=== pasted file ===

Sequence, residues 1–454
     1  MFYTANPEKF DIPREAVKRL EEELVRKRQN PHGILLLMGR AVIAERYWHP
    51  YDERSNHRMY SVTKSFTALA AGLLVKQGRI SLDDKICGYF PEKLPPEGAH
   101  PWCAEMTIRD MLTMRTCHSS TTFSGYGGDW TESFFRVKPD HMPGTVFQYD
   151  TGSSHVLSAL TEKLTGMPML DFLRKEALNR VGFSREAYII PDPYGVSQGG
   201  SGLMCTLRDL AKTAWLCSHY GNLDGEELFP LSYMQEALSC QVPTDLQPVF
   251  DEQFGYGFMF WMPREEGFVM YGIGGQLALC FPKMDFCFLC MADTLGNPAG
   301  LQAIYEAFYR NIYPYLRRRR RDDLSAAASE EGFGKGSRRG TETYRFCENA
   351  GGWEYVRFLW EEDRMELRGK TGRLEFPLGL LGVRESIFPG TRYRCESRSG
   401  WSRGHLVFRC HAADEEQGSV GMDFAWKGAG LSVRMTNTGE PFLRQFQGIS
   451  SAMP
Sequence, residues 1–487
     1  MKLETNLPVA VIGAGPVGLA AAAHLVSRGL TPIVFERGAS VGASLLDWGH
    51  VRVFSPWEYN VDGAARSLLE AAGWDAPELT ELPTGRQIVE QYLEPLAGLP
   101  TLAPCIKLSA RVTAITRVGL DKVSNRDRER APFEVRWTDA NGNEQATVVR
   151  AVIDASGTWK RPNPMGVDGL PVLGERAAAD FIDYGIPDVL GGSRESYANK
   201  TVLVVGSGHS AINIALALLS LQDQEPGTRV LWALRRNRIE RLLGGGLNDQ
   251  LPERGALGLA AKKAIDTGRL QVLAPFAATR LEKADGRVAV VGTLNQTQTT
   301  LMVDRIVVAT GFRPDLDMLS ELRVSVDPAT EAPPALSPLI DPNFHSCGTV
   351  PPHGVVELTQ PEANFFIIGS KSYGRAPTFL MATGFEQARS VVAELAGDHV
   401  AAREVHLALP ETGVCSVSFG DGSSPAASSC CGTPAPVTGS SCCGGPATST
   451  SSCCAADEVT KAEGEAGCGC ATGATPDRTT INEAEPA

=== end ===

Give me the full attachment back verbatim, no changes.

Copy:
Sequence, residues 1–454
     1  MFYTANPEKF DIPREAVKRL EEELVRKRQN PHGILLLMGR AVIAERYWHP
    51  YDERSNHRMY SVTKSFTALA AGLLVKQGRI SLDDKICGYF PEKLPPEGAH
   101  PWCAEMTIRD MLTMRTCHSS TTFSGYGGDW TESFFRVKPD HMPGTVFQYD
   151  TGSSHVLSAL TEKLTGMPML DFLRKEALNR VGFSREAYII PDPYGVSQGG
   201  SGLMCTLRDL AKTAWLCSHY GNLDGEELFP LSYMQEALSC QVPTDLQPVF
   251  DEQFGYGFMF WMPREEGFVM YGIGGQLALC FPKMDFCFLC MADTLGNPAG
   301  LQAIYEAFYR NIYPYLRRRR RDDLSAAASE EGFGKGSRRG TETYRFCENA
   351  GGWEYVRFLW EEDRMELRGK TGRLEFPLGL LGVRESIFPG TRYRCESRSG
   401  WSRGHLVFRC HAADEEQGSV GMDFAWKGAG LSVRMTNTGE PFLRQFQGIS
   451  SAMP
Sequence, residues 1–487
     1  MKLETNLPVA VIGAGPVGLA AAAHLVSRGL TPIVFERGAS VGASLLDWGH
    51  VRVFSPWEYN VDGAARSLLE AAGWDAPELT ELPTGRQIVE QYLEPLAGLP
   101  TLAPCIKLSA RVTAITRVGL DKVSNRDRER APFEVRWTDA NGNEQATVVR
   151  AVIDASGTWK RPNPMGVDGL PVLGERAAAD FIDYGIPDVL GGSRESYANK
   201  TVLVVGSGHS AINIALALLS LQDQEPGTRV LWALRRNRIE RLLGGGLNDQ
   251  LPERGALGLA AKKAIDTGRL QVLAPFAATR LEKADGRVAV VGTLNQTQTT
   301  LMVDRIVVAT GFRPDLDMLS ELRVSVDPAT EAPPALSPLI DPNFHSCGTV
   351  PPHGVVELTQ PEANFFIIGS KSYGRAPTFL MATGFEQARS VVAELAGDHV
   401  AAREVHLALP ETGVCSVSFG DGSSPAASSC CGTPAPVTGS SCCGGPATST
   451  SSCCAADEVT KAEGEAGCGC ATGATPDRTT INEAEPA